For most people, consuming around 2,000 calories each day is recommended to make sure we’re getting enough nutrients to supply our body’s needs for energy, growth, and maintenance. But how we get those 2,000 calories and what nutrients they actually provide can vary widely from person to person. All too often, we may be consuming “empty” calories that give us energy in the form of sugar or excess fat but offer no carbohydrates, protein, vitamins, or minerals.
That food quality concern is at the heart of a global issue that society, and farmers in particular, grapple with as the number of people needing food in the world continues to rise. “It’s not going to be enough to produce enough food. We have to produce enough of the right foods,” said the National Dairy Council’s (NDC) Greg Miller on the August 4 Hoard’s Dairyman DairyLivestream. “It’s about not just feeding people. It’s about nourishing people.”
NDC’s Chief Science Officer referenced an estimate from the Food and Agriculture Organization (FAO) that states the world will need to produce as much as 70% more food than we currently are in order to feed 10 billion people in 2050. Within that growth, Miller identified that the middle class is expected to triple by 2030. “That’s going to create increased demand for more nutrient-rich foods like meat, dairy, eggs, and other animal-sourced foods,” he said.
The middle class expansion may drive demand for animal-sourced products, but all populations can benefit from the nutrient package that milk and dairy foods deliver. Milk contains 13 essential nutrients, including calcium, vitamin D, and potassium. In fact, the U.S. Departments of Agriculture and Health and Human Services say dairy is the leading food source for these three nutrients of public health concern. The 100 calories in a glass of whole milk are anything but “empty.”
“It’s worth reminding people that our products are in dietary guidelines worldwide for a reason,” said Judith Bryans, the chief executive of Dairy UK in the United Kingdom. “They’re naturally nutrient-rich foods.”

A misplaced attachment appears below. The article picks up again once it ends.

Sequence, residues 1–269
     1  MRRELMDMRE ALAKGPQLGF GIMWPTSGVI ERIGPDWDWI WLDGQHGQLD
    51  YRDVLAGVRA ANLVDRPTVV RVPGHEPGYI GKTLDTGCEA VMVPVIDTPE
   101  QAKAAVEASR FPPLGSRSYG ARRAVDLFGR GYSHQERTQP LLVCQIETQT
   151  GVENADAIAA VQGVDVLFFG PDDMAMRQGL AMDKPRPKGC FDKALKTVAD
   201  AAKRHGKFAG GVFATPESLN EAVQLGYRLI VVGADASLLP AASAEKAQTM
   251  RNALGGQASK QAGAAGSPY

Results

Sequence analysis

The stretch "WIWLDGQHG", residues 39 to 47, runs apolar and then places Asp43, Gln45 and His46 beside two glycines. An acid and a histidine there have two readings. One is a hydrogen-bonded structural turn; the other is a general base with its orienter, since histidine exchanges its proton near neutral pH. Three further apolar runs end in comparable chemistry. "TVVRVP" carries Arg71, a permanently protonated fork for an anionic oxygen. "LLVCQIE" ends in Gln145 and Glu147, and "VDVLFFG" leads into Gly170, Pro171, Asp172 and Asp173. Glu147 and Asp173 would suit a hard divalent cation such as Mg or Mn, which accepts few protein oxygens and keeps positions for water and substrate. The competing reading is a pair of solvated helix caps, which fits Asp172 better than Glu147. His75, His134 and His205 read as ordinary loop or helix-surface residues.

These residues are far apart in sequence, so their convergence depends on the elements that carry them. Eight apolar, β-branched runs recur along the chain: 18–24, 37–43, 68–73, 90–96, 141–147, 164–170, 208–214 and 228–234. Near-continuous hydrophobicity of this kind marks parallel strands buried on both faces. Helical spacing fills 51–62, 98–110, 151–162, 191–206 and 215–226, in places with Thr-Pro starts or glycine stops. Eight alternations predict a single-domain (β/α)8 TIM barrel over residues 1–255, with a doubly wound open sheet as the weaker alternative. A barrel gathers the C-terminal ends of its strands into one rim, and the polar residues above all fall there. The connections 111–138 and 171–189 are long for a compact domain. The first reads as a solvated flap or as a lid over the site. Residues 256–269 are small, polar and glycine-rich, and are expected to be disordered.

Bryans specifically pointed to school meal programs as a global method to reduce hunger and malnutrition. The World Food Programme, a branch of the United Nations, recently called school feeding systems the most extensive social safety net in the world because they are reaching more children than ever before in human history. Milk plays a key role in those efforts, and that’s just the beginning of dairy’s place in providing essential nutrients for a global population.
Bryans shared that organizations like FAO are recognizing those important attributes dairy brings to the table and sees a place for the industry in the future of a nourished population. “You couldn’t feed the world without dairy,” she concluded.
To watch the recording of the August 4 DairyLivestream, go to the link above. The program recording is also available as an audio-only podcast on Spotify, Google Podcasts, Apple Podcasts, and downloadable from the Hoard’s Dairyman website.
An ongoing series of events
The next broadcast of DairyLivestream will be on Wednesday, August 18 at 11 a.m. CDT. Each episode is designed for panelists to answer over 30 minutes of audience questions. If you haven’t joined a DairyLivestream broadcast yet, register here for free. Registering once registers you for all future events.